Tallahassee, FL - May 2, 2014 - Today, on the last day of the Florida legislative session, the Florida legislature passed House Bill ("HB") 851, a bill that dramatically expands college access for undocumented students in Florida who grew up in the state and graduated from local high schools, by allowing them to pay in-state tuition when enrolling in Florida colleges. The bill was approved with overwhelming support with 26 votes in favor and 13 against in the Florida Senate and with 84 votes in favor and 32 against in the Florida House.
Today the Florida legislature also expected to give final approval to HB 755, which makes it possible for a non-citizen immigrant who entered the U.S. without authorization to be granted a license to practice law in Florida provided certain other circumstances are met. The bill was introduced to address the case of Jose Godinez-Samperio, 27, of Largo, a graduate of Florida State University's College of Law, tried without success for more than two years to gain admission to the Florida Bar and fulfill his dream of becoming an immigration lawyer. In March of this year, the Florida Supreme Court ruled unanimously that it could not help Godinez-Samperio because federal law prevents giving taxpayer-funded public benefits to undocumented immigrants. Justices urged the Legislature to intervene and exempt Florida from that law, which led to HB 755. Americans for Immigrant Justice ("AI Justice") filed an amicus brief in support of Mr. Godinez-Samperio in the Florida Supreme Court. "We are thrilled that our legislature has acted to correct this injustice. Now any hard working person-regardless of where they are from-who graduates from law school, passes the Florida Bar exam, and is deemed fit by our Bar to practice law here, will have an equal opportunity to do so," said Joseph Anderson, Director of Litigation for AI Justice.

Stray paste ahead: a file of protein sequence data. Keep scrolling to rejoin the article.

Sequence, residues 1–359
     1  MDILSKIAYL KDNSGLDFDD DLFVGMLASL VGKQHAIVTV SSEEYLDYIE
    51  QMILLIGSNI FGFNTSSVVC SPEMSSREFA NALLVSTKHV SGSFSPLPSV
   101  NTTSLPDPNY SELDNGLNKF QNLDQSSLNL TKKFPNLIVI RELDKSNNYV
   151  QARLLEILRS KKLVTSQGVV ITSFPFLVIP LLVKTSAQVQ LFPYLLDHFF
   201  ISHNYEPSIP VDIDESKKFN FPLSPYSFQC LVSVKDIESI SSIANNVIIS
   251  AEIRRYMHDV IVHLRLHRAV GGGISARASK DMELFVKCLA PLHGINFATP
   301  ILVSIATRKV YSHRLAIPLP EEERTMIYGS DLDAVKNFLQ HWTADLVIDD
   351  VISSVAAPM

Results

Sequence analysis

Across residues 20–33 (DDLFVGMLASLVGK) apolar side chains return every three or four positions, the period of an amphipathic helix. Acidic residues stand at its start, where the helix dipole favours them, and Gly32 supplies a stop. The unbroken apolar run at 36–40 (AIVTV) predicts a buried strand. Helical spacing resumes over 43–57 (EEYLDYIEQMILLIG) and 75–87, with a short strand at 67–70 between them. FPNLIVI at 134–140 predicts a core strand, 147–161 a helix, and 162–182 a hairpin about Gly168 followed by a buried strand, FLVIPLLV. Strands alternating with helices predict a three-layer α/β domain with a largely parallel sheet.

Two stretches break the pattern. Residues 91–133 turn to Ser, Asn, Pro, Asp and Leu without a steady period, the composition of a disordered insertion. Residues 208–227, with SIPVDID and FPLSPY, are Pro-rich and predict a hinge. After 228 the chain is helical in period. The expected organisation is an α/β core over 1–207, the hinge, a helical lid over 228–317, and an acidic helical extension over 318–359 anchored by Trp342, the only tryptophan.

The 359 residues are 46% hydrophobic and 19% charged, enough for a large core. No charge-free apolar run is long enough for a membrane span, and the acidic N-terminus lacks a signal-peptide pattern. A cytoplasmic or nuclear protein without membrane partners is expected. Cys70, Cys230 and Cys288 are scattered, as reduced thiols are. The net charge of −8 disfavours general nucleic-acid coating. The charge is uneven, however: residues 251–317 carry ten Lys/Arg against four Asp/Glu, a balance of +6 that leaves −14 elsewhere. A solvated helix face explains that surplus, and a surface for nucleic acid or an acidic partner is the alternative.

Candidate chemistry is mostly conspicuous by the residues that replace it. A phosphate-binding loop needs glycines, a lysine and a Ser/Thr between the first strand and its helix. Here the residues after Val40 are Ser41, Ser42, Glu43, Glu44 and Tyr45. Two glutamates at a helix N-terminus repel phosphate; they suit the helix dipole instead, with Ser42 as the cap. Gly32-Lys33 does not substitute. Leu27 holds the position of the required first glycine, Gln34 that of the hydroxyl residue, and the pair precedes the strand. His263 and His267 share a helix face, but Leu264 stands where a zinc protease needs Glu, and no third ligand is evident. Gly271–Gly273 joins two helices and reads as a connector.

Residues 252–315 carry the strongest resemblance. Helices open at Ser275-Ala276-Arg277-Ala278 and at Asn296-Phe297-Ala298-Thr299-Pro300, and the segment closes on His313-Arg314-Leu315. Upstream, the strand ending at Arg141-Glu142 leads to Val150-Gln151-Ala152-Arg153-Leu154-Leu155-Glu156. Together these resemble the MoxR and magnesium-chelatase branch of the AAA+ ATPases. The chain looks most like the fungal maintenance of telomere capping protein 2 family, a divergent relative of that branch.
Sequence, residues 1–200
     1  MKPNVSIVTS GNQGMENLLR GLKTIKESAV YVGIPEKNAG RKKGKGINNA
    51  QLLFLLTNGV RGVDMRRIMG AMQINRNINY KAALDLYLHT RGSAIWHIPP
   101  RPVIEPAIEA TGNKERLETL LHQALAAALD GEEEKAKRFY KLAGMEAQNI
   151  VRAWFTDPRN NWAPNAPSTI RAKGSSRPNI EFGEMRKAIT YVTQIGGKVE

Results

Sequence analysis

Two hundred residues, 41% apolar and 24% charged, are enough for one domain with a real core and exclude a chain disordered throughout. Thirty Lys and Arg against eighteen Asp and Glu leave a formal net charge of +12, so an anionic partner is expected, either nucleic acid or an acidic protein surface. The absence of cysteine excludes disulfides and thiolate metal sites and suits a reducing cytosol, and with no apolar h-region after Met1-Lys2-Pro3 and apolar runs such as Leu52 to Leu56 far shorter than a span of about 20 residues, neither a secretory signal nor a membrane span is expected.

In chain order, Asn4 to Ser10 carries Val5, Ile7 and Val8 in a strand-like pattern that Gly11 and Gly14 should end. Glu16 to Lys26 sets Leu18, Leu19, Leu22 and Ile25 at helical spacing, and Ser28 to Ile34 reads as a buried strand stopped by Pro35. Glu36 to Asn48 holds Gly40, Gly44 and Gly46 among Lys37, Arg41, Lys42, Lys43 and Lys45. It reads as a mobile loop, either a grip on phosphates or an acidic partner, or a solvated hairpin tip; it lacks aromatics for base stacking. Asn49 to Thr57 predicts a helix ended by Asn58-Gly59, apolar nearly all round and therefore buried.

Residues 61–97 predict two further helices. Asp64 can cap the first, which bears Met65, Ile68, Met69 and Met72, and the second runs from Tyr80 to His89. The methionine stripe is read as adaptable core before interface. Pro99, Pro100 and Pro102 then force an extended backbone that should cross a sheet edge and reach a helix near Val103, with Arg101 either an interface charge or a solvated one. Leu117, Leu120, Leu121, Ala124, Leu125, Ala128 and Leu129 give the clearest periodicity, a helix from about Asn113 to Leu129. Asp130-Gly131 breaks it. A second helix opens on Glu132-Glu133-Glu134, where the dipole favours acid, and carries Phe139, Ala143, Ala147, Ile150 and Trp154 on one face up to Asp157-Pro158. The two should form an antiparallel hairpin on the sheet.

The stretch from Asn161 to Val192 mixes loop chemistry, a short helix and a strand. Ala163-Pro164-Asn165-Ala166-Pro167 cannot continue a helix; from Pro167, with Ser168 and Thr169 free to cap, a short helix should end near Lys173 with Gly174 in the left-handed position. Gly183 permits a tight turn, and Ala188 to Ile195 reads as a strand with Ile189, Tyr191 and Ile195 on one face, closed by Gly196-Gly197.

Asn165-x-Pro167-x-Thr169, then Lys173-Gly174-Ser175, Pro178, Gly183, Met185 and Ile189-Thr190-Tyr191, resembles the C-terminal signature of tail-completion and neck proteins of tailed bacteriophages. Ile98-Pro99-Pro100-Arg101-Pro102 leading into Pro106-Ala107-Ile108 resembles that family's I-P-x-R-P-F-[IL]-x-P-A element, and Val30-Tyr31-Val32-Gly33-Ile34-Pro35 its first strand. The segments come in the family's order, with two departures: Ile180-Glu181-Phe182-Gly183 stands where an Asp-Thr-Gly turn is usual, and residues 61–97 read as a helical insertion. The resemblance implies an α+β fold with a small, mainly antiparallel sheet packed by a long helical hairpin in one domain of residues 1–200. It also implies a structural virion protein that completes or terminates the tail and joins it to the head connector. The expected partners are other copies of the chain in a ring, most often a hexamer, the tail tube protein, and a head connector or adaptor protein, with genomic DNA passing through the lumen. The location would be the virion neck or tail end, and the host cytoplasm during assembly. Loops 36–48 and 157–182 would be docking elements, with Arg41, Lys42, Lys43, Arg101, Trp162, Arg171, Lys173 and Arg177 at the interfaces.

"Finally some good news. We applaud the Florida legislature for supporting our immigrant families and their children. These laws will help the undocumented young men and women who live in and contribute to our communities every day to share in the American dream," said Cheryl Little, Executive Director of AI Justice. "Now children who have grown up here and attended high school in Florida will have the chance to afford to attend one of our great Florida colleges or universities," said Ms. Little.
HB 851 will now go to Gov. Rick Scott who has said he will sign the bill. If HB 755 receives final approval today, it will also go the Governor who has also publicly stated he will sign the bill.